Thirty years later AIDS still a growing epidemic: More than 25 million people have died from this dreaded disease since 1981

STATE SEN. JOHN L. SAMPSON | 12/8/2011, 1:15 a.m.

People have become more sensitive to the disease because of ongoing public education. The twin barriers of ignorance and discrimination, although they still exist, have been steadily broken down as people gain a better understanding of the disease and its effects.

However, that's not the case in the developing world, where the disease is still killing millions of people each and every day. As we recognize World AIDS Day, let us also remember the plight of the less fortunate in the emerging nations of the world. An epidemic is both a medical and social occurrence. Medically, it is the appearance of a serious, often fatal disease in numbers far greater than normal. Socially, it is an event that disrupts the life of a community and causes uncertainty, fear, blame and flight.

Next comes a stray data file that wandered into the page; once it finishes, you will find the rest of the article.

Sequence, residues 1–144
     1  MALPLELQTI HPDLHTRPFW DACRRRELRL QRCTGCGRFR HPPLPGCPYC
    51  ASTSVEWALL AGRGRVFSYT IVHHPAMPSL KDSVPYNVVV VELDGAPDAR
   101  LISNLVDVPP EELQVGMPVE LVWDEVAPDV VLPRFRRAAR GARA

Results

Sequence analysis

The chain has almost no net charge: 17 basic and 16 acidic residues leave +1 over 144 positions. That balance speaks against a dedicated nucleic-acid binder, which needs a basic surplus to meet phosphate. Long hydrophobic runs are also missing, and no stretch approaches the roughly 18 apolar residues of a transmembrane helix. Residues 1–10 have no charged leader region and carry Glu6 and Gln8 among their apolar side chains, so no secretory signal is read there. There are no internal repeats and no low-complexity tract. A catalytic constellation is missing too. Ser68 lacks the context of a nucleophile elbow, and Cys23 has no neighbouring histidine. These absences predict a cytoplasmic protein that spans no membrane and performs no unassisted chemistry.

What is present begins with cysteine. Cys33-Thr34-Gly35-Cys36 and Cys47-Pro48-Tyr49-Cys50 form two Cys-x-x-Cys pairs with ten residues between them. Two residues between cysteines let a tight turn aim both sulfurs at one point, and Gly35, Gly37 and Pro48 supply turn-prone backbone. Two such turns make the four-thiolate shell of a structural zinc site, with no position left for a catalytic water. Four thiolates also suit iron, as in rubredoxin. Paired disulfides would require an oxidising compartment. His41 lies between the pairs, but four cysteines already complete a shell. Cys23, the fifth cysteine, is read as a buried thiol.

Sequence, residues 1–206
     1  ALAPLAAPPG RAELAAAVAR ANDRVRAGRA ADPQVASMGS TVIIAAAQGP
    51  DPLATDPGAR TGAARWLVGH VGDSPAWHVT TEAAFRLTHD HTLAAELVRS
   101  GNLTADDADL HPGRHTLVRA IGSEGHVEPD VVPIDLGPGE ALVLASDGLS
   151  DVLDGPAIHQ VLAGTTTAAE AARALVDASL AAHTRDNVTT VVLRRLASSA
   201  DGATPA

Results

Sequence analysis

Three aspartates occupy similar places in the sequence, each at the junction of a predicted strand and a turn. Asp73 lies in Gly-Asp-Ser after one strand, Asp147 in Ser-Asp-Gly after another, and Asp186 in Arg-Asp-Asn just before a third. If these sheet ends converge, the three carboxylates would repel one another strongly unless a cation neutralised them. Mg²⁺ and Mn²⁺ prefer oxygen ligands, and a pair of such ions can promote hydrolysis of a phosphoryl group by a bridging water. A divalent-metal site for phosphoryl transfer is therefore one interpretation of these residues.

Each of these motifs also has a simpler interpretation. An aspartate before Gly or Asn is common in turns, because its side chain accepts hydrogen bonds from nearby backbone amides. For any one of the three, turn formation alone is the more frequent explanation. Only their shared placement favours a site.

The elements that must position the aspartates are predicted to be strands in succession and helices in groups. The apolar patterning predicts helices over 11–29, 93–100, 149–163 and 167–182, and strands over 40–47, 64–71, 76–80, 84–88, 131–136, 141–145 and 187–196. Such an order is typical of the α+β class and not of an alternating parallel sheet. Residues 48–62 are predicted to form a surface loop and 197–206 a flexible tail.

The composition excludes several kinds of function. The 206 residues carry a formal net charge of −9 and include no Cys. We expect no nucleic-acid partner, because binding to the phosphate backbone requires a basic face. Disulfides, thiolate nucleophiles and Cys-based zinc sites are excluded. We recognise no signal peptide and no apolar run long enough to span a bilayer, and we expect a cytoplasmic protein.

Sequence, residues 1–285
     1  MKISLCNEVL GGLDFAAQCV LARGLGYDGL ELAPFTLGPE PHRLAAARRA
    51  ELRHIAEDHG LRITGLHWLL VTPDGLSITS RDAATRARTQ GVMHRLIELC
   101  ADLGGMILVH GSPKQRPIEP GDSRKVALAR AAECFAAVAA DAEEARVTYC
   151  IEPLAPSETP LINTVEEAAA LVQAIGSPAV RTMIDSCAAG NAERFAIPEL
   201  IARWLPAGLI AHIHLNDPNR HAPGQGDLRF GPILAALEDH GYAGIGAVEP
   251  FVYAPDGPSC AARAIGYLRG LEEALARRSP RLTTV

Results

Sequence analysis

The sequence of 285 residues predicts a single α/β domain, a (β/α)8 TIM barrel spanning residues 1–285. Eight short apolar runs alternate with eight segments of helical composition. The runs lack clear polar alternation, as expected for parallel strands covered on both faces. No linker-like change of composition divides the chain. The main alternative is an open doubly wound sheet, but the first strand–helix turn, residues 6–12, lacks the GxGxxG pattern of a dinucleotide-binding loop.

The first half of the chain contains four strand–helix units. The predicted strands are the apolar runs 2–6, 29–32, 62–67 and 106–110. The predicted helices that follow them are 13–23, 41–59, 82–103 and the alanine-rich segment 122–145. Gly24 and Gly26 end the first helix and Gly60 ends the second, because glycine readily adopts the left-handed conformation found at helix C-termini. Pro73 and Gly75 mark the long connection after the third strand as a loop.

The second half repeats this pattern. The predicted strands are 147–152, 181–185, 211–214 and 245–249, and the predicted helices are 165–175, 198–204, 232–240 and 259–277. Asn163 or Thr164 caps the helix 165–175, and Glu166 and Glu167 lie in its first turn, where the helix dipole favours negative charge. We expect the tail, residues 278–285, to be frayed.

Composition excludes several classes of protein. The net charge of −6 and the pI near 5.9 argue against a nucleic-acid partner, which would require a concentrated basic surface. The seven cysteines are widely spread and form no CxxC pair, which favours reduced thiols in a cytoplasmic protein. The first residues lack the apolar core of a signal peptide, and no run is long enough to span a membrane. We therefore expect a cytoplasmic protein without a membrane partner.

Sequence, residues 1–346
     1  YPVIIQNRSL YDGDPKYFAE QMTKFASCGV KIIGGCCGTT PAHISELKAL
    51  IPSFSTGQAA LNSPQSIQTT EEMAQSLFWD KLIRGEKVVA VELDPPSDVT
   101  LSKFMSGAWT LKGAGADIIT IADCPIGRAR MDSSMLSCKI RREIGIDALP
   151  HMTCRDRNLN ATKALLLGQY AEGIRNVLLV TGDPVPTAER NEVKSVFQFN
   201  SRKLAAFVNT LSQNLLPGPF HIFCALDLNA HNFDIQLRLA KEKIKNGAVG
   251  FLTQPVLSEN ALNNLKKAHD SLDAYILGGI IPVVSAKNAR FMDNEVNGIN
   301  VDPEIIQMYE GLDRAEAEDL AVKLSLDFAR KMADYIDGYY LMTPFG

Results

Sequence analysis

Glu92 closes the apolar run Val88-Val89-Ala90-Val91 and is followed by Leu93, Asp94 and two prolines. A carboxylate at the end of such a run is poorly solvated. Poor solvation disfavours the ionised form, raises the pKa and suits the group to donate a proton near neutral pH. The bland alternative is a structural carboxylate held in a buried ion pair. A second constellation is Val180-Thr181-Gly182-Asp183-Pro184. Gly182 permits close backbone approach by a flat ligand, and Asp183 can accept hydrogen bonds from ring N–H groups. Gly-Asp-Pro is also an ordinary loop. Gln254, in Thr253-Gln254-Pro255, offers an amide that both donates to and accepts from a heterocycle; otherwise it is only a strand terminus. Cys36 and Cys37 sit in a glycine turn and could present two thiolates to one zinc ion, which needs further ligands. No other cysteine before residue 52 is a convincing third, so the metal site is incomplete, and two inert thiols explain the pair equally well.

The epidemic of acquired immune deficiency syndrome (AIDS), which was recognized in the United States in 1981, continues today and will continue into the foreseeable future, mirroring epidemics of the past.

Despite the seriousness of the epidemic, particularly in certain geographic areas and among certain demographic groups, America lacked a comprehensive plan on AIDS until 2010. President Barack Obama had promised to rectify this during his election campaign by committing to the creation of a national HIV/AIDS strategy. The strategy, which was launched in July 2010, is structured around three core aims: reducing new HIV infections, increasing access to care and improving health outcomes for people living with HIV, and reducing HIV-related disparities and health inequities.

This is a step in the right direction.